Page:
Harold Godwinson and Other Stories: The Method to My Madness

A few years ago, I started to work on the screenplay, Harold Godwinson. It is one of my favorite pieces of obscure history; telling the story of King Harold II and his encounter with William the Conqueror. What I wanted to do was tell a biographical story of his life because very few people have ever done that. When they tell the story of Harold in film, usually they focus on The Battle of Hastings. This makes people assume that that was the only important thing he ever did in his life. This is not true in the least. He had several events in his life that made him the man that he eventually became. The screenplay went through coverage and came out of it with stellar feedback from the producer who went through it. Then I went elsewhere to ask a few questions about the sceenplay and the reviews weren’t so stellar.

The concept and subject of the screenplay were interesting, but the person who went through it thought that covering Harold’s entire life was a bit too much and that I should have stuck to the subject of The Battle of Hasting and not try to tell the story of his life. Also they began to point out things that didn’t matter. Still others who looked at it went through it and realized that it wasn’t at all “typical Hollywood fare” didn’t think it would pass muster. Commercially, perhaps not. As an indie film with passionate film makers, it could be the next Elizabeth, The Tudors, or The Last Kingdom, which is probably the closest in subject matter to Harold, Lets go through this a bit and explore some of the decisions I made and the method to my madness.

The story starts out with one of Harold’s first battles as he faces off against King Magnus the Good of Norway.  What is the purpose of this bit of the story? This is the battle that establishes that he is a man worthy of respect, despite the fact that he’s only twenty-one. As a British noble, he has to prove himself. If he doesn’t, why would anyone follow or respect him? This is basically a necessity. Also, during a battle, originally, Harold throws a knife in order to dispatch the king. People were like, “well now he’s just a cowardly knife thrower.” This is where Hollywood takes a departure from accuracy. In battle, it’s about taking the leader off the board as quickly and efficiently as possible, just like in a game of chess.  Once Harold takes out Magnus, the battle is over because he’s effectively  cut the head off the snake and the battle can no longer continue.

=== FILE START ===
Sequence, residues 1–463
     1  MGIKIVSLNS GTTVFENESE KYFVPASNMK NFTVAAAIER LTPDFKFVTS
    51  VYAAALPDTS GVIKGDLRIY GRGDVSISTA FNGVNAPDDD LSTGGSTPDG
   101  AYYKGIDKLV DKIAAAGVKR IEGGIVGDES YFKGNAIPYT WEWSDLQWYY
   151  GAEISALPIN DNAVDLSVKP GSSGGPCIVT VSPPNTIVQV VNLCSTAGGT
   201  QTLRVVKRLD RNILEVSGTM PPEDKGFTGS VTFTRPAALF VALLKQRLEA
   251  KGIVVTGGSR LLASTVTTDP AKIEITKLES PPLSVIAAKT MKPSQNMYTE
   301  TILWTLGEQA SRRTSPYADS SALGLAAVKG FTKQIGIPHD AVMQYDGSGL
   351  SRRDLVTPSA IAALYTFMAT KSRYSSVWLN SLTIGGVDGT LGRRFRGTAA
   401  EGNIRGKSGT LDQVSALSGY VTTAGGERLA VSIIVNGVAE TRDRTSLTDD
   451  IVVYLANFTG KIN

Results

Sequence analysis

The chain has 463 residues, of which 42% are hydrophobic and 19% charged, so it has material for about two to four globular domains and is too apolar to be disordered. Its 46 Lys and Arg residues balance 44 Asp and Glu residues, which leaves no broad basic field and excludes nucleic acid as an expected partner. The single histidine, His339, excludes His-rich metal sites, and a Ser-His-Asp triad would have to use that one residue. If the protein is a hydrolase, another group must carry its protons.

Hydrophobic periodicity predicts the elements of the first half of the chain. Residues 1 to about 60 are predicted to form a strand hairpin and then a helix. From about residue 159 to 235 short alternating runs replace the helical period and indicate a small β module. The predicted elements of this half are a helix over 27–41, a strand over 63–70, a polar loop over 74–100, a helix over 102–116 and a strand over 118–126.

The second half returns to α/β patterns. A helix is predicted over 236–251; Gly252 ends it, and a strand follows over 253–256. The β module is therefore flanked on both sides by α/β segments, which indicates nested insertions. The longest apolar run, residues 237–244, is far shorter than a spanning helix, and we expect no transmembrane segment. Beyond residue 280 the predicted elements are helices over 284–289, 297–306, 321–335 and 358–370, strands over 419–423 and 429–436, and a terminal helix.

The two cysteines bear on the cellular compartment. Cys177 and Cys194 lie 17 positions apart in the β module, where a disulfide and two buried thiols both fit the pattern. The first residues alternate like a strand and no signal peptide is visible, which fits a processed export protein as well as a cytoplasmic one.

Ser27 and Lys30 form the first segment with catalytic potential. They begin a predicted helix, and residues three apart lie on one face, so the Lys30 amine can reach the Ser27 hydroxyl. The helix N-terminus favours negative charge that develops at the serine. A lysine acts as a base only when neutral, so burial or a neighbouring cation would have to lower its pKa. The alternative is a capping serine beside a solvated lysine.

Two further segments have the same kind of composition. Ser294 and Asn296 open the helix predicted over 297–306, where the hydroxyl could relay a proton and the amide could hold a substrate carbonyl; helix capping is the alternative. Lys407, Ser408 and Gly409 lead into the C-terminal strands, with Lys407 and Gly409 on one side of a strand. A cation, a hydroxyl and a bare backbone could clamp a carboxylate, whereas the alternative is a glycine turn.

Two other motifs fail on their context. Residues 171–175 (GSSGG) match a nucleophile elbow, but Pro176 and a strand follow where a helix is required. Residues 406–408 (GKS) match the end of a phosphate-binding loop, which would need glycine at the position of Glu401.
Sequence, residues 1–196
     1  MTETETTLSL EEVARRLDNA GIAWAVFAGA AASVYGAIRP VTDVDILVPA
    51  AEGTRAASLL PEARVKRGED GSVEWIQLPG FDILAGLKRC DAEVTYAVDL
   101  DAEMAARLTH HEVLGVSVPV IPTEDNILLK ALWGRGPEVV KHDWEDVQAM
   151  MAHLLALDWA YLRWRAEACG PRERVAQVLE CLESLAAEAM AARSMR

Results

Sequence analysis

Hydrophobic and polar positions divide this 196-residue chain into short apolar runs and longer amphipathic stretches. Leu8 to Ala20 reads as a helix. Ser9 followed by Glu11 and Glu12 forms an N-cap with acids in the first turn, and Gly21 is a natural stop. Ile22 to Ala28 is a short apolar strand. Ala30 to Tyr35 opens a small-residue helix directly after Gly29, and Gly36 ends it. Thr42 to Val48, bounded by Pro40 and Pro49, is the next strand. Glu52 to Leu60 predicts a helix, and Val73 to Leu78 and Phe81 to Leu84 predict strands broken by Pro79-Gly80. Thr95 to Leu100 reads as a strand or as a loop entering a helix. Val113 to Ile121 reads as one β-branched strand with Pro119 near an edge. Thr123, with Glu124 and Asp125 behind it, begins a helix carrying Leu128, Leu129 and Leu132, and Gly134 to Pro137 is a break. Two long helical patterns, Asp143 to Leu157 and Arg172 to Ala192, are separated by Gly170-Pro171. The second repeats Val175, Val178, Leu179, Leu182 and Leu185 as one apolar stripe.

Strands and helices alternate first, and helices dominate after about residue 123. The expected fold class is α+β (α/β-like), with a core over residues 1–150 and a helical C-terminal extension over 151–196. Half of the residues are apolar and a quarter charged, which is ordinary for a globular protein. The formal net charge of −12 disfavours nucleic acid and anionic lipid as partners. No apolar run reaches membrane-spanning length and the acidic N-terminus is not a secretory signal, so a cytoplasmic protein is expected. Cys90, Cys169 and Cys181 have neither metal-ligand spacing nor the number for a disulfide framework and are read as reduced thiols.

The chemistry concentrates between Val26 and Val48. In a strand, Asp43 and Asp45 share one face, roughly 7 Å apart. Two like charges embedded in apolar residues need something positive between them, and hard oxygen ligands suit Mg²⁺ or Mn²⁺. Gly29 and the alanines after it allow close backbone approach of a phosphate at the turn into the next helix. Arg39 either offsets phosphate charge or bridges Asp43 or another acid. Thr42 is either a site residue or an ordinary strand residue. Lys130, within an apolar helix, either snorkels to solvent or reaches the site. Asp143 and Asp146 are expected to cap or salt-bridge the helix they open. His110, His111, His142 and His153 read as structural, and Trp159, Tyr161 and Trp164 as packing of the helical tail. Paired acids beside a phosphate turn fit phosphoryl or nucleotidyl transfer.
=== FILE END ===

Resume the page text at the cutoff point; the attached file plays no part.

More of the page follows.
Most battles in the 1000 usually lasted for two to three hours. It would be different if it were a castle siege, however, field battles were short. The Battle of Hastings was unprecedented because it lasted for nine hours. Usually though, two to three hours. Harold has to take out the king quickly. His throwing a knife and taking advantage of an opening is simple realistic. The Hollywood bullshit of a guy fighting through fifty bad guys while swinging his sword around like Jackie Chan is not realistic or efficient at all. I took it out anyway because I let people talk me out of it.